Swan* describes this kind of question tag as 'same-way' question tags, with this example: You're getting married, are you?.Non-negative question tags are quite common after affirmative sentences. These are often used as responses to something that has been said....The speaker repeats what he/she has just heard or learnt, and uses the tag to express interest, surprise, concern or some other reaction:
So you're getting married, are you? How nice.
So she thinks sh's going to become a doctor, does she? Well, well.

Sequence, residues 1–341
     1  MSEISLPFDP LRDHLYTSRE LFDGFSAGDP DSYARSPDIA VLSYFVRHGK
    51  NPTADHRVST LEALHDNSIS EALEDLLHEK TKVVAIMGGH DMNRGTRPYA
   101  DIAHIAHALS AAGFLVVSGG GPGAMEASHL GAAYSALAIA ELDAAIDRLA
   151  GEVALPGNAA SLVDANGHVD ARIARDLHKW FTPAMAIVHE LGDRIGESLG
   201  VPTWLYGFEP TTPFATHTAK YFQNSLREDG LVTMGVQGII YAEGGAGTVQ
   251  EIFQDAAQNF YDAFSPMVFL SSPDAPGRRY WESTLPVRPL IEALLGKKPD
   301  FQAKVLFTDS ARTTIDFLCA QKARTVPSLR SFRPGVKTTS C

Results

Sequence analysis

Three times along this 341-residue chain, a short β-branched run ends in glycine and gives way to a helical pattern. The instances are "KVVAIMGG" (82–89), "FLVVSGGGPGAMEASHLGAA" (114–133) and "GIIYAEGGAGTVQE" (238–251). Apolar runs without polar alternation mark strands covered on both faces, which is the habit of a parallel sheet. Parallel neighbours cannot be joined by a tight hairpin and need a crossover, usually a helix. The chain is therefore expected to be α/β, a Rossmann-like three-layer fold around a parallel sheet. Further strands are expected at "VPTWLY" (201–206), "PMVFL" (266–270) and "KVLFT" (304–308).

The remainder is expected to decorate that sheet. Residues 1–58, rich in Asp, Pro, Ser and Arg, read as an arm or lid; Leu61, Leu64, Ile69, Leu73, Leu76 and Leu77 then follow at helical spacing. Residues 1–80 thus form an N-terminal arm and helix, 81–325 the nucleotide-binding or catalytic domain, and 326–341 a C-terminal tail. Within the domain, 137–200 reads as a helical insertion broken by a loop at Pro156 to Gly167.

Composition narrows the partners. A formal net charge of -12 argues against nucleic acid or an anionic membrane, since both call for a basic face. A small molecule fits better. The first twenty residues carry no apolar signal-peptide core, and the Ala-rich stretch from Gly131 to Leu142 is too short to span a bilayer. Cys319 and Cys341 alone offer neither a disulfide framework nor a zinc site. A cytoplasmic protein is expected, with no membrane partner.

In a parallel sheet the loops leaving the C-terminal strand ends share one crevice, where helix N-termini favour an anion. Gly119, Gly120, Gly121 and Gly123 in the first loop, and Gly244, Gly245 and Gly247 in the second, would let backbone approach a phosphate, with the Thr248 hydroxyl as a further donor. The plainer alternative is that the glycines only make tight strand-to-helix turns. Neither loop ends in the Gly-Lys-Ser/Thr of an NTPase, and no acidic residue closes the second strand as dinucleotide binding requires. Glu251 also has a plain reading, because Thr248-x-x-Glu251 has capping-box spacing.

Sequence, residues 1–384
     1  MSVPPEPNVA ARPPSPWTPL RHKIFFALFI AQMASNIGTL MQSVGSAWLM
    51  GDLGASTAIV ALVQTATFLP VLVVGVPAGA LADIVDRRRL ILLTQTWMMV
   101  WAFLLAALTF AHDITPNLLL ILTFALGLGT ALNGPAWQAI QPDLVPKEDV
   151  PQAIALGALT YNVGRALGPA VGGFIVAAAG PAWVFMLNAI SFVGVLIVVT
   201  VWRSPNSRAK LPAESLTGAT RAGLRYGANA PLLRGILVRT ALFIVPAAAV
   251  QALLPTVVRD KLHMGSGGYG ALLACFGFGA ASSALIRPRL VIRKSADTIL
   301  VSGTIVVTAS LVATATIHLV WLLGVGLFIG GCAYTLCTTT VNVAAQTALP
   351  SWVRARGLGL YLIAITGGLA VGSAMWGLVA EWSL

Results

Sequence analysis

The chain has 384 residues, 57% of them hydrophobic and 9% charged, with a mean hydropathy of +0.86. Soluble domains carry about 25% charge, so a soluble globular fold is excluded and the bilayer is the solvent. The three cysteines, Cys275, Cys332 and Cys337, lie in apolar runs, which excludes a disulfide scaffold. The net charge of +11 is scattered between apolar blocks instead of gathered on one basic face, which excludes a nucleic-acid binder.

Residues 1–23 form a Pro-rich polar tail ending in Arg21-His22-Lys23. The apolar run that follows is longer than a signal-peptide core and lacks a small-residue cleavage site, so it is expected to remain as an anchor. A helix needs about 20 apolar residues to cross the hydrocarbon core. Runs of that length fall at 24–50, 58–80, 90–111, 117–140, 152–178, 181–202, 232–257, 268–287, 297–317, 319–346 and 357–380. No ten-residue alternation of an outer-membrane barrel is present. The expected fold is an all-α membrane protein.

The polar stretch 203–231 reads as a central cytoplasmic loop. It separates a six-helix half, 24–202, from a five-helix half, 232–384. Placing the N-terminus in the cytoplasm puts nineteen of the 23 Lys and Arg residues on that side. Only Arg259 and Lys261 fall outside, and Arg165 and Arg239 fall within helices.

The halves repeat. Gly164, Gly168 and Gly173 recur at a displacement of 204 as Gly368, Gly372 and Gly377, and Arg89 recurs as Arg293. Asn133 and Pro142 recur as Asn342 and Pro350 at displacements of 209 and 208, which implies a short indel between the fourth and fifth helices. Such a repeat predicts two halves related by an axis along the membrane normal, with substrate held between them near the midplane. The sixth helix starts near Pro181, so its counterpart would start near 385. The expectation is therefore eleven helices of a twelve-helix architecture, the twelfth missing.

You think you're funny, do you?
'Same-way' tags can be used to ask questions. In this structure, we use the main sentence to make a guess, and then ask (in the tag) if it was correct.
Your mother's at home, is she?
You can eat shellfish, can you?
This is the last bus, is it?
[i]I'll...shall I?[/] can be used to make offers
[i]I'll hold that for you, shall I?
My feeling is that these same-way question tags are used more in British English than in American English.
In addition, certainly in American English, they often express hostility or present a challenge:
So you think you're going to marry my daughter, do you?
You want me to do your work for you, do you?
Jack said that about me, did he? We'll, he'd better apologize!
*Practical English Usage, by Michael Swan. Oxford 2005